The Belgian Shepherd has the honor of being the only breed to have four distinct variations. Each only differs by coat and colour. There is the long coated black – the Groenendael, the long coated other than black – the Tervueren, the short coated – the Malinois and the rough coated – the Laekenois.
The Belgian Shepherd breed was officially created around 1891 when the Belgian Shepherd Dog Club was founded. The breed was not officially recognised until 1901 despite the club being formed and the first breed standard being written in 1892. The official recognition was given when the breed was registered in the studbooks of the Royal Saint-Hubert Society. Belgium today recognises the four variations as one breed. In some non-FCI countries, and other regions, they are considered separate breeds.
The Belgian Shepherd is a medium to large sized, well-balanced dog. They have a muscular body, domed forehead, a long, square-cut muzzle, a black nose and ears which are pointed and fully erect. The long haired variations have a thick, double coat. It is a square breed, meaning its height from the ground to top of the withers is equal to its length. The paws are cat like.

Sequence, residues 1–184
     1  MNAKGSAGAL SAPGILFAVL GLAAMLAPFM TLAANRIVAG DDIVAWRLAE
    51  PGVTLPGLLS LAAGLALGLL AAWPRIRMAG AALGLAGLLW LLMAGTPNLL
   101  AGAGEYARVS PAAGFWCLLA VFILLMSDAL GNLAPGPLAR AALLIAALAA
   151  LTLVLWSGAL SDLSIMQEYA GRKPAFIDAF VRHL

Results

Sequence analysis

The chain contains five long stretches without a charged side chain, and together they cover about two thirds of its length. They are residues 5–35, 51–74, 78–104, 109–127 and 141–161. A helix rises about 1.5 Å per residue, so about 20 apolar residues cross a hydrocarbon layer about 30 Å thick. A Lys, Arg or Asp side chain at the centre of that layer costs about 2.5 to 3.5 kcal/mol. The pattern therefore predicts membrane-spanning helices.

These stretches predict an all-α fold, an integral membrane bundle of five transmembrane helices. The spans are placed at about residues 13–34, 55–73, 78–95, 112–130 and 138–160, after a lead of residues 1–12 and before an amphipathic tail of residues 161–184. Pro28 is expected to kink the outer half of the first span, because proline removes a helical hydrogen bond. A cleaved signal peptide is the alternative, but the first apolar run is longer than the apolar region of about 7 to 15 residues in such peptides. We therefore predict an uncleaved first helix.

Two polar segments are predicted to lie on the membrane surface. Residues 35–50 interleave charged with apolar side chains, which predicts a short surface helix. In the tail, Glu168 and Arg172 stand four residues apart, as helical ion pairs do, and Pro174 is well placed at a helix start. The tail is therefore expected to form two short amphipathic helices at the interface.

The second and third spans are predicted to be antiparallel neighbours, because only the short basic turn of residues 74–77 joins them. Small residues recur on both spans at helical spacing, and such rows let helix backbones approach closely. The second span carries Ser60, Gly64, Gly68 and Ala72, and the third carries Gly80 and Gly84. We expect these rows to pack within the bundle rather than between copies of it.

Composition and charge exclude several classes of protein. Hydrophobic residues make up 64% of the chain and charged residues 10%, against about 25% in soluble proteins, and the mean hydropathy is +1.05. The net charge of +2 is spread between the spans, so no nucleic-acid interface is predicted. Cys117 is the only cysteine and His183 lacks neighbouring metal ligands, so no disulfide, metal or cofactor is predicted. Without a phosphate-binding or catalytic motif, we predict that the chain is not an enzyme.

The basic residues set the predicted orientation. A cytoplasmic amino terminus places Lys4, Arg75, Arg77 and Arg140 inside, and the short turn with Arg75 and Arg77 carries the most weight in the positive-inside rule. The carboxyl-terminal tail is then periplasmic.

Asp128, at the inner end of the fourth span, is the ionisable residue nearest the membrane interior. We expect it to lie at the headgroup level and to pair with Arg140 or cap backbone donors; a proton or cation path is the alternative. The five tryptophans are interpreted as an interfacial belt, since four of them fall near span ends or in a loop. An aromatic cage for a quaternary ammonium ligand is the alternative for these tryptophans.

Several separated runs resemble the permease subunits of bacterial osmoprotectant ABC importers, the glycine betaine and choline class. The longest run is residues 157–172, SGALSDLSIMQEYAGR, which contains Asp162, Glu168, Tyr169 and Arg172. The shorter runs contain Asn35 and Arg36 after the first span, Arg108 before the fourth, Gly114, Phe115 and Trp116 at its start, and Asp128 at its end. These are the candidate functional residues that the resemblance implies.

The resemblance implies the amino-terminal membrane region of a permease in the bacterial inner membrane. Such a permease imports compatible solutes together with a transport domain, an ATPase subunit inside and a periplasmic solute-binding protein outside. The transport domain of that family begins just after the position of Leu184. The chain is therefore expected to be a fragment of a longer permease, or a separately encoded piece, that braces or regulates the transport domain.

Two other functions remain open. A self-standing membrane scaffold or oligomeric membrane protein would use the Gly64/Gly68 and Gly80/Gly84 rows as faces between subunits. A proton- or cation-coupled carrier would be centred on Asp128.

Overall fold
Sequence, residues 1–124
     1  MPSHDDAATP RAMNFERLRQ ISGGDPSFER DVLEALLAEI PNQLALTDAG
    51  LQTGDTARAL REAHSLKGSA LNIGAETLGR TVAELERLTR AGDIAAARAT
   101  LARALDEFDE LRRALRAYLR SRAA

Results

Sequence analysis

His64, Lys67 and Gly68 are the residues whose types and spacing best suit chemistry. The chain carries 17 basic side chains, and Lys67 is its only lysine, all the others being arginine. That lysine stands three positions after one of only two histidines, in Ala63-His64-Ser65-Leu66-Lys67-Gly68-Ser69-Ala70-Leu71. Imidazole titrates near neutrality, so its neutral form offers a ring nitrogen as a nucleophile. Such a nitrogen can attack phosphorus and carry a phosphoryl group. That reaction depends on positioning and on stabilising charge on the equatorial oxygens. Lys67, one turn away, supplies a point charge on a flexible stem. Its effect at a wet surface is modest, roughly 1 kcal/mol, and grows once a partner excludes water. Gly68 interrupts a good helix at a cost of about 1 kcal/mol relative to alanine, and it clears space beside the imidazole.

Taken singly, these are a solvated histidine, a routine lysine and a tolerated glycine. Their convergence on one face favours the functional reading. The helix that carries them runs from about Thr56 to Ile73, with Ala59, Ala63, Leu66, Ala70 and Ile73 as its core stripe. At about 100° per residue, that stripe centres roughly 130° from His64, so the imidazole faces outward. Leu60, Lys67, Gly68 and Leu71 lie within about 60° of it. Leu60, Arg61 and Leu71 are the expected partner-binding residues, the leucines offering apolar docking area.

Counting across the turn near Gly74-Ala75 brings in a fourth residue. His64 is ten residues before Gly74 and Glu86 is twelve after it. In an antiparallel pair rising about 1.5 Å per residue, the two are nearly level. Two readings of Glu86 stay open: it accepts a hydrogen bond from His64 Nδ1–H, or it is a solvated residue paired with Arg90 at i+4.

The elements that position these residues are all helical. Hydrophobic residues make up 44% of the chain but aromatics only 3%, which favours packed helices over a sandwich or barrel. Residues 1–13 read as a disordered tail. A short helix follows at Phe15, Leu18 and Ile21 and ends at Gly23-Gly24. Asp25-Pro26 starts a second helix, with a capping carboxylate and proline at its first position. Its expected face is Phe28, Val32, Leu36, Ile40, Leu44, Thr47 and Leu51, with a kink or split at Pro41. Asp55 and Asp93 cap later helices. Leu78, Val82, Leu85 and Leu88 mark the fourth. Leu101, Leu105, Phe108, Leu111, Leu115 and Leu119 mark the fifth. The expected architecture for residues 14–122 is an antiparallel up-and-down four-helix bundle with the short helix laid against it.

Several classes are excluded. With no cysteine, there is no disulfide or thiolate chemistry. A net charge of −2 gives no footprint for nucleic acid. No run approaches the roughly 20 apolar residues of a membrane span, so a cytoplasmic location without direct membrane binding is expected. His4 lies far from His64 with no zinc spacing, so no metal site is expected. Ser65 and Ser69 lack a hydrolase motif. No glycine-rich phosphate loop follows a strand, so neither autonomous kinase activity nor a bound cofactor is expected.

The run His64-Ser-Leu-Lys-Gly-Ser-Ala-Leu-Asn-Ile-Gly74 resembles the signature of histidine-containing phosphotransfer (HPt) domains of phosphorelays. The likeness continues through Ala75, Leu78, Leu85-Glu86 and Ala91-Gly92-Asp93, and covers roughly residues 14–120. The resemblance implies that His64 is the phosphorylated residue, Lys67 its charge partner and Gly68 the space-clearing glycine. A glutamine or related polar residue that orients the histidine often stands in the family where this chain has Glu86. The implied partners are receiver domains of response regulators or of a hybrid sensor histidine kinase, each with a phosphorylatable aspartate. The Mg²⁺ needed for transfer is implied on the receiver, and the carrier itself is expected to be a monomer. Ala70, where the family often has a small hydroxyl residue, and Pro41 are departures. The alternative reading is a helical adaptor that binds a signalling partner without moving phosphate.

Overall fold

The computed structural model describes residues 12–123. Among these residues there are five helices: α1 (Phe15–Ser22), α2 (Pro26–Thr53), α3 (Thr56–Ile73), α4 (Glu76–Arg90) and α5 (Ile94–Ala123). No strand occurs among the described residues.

Belgian Shepherds should stand around 56 to 66 centimetres at the withers and weigh in between 22 and 28 kilograms. Females are generally smaller than males and should look distinctly feminine. A healthy Belgian Shepherd should be expected to live around 13 to 16 years.
These are agile and active dogs with a need for plenty of exercise, this breed should not be considered as a pet if they are to be left at home all day or they will become bored and destructive. They need firm leadership, daily exercise and continual training and companionship, or they may become difficult to handle. The Belgian Shepherd is a high energy dog with a keen mental capacity and the ability to learn quickly. Mental stimulation is essential, particularly if they come from a working line. Be careful when introducing this dog to other pets. If socialized properly at a young age there should not be any problems.
They are known to be dominant toward other dogs and need a firm and consistent owner who can communicate that dominance is an unwanted behaviour. Herding behaviour such as chasing and circling, moving effortlessly for hours and nipping at people’s heels is common and they must be taught not to do this. The Belgian Shepherd is a very demanding dog that is becoming more and more popular. They need an experienced owner as they can be difficult to control unless the owner knows exactly how to handle them. The way the owner handles the dog can produce very broad differences in temperament.